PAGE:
Confirmation bias - Frans-Jan W. Parmentier

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Politicians incite distrust towards experts - and allow global temperatures to rise.
Confirmation bias
Klassekampen, 15 Jul 2016
Print version of this column "People in this country have had enough of experts", said Michael Gove, the former British justice secretary who is headed for an uncertain future, earlier in June. This bizarre statement came as a reply to a question about the many (inter)national organisations that warned against the economic consequences of Brexit. Regardless of your opinion about the EU, the chaos that the United Kingdom currently is in shows that it's not particularly wise to ignore the experts.
More importantly, the statement of the conservative politician Gove represents a typical example of a broader phenomenon that also shows up in the climate debate: To cast doubt on the work of experts and to ignore the facts. Experts of the IPCC, for example, have been warning since 1990 about the consequences of climate change. But climate sceptics like to paint scientists as elitist, or worse: they accuse them of enriching themselves, and conspiracy.
If you want to become rich, I have a great tip: Don't go into science.
The suggestion that scientists are elitist taps into a broader populistic feeling, and insinuates that expert advice, for some unclear reason, would not be in the general good. Moreover, scientists are accused of claiming that climate change is man-made to attract more research funding. A weird argument. If you want to become rich, I have a great tip: Don't go into science. When I was still studying, my teacher in environmental economics regularly complained about the fact that all his old study mates had gone into business and drove nice, fast cars - while he had to make due with an old family car.
Only being in it for the money is a mild insult. Much worse was the advertisement campaign the conservative American think tank 'The Heartland Institute' released four years ago. On giant billboards along the highway they compared climate scientists with the Unabomber, a terrorist. After a lot of complaints, the campaign was quickly aborted, but apologies were never made.
That's an extreme outlier in the debate, you may think. And isn't it true that climate experts can't even agree among themselves whether we're responsible for climate change? Shouldn't they figure that out for themselves before we have to listen to them? That's a misunderstanding. About 97% of all climate scientists acknowledge that climate change is caused by humans. Besides, a study from last year, led by the Norwegian meteorological institute, showed that the few studies that go against this overwhelming consensus are often badly designed, use data selectively, and are difficult or impossible to replicate.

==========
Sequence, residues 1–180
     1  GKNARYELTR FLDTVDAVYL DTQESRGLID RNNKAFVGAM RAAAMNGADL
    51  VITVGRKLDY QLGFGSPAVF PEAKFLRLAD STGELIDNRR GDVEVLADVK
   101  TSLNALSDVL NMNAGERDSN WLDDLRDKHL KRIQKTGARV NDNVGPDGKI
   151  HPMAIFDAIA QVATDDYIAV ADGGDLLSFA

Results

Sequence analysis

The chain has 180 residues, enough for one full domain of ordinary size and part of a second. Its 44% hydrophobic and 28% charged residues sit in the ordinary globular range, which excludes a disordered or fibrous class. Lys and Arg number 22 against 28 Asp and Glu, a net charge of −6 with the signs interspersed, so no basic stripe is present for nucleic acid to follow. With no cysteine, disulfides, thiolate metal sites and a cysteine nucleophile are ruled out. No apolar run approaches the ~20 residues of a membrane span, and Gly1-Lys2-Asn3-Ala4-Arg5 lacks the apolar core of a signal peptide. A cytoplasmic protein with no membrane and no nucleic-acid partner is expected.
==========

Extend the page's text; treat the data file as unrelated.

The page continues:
So the real climate experts agree with each other, but aren't listened to. Are people tired of experts? Should everything from now on be decided with a gut feeling? Let's hope not. If you're on vacation with an airplane this summer, you want the pilot to be an expert, and not someone who - following an afternoon's practice in a sports plane - thinks that he can handle a Boeing 737. We trust experts with so many things in life. Why shouldn't we do this when it comes to climate change?
Demonstrators from Oxfam, dressed as G8-leaders, protest against climate change in Sapporo, Japan
A phenomenon that plays a role here, is the so called "confirmation bias": People like to see their existing opinions confirmed, especially when it's such an abstract problem as climate change. Research has shown that historical weather changes are often misremembered, and regularly interpreted according to an already existing conviction on climate change. It's difficult for experts to break through that. Nonetheless, it's their task to inform the public as good and clear as possible.
Here's also where the politics step in. In politically divided America, belief in climate change is divided more along party lines than how well people are informed by scientists. The key role lies therefore with politicians - who may receive the most expert advice of us all. Nonetheless: despite a lot of pretty promises Norwegian emissions rose again in 2015, primarily because of an increase in the oil- and gas industry. The fact that the government is allowing oil exploration in more areas, clearly shows that the recent promise of a climate neutral Norway by 2030 can only be achieved if we compensate for it abroad. Within Norway they're going 'till the last drop. Do the people we vote into office listen to the experts at all? Or is their own political agenda more important than facts?
A significant portion of the Brexit voters regretted their choice the day after the referendum. They thought their vote wouldn't matter, or that no consequences would be attached to the result. Let's not make the same mistake with climate change - to think that it's not that dangerous - but vote for those politicians that do listen to the experts and are willing to do the right thing.
This text first appeared in Klassekampen on 15 Jul 2016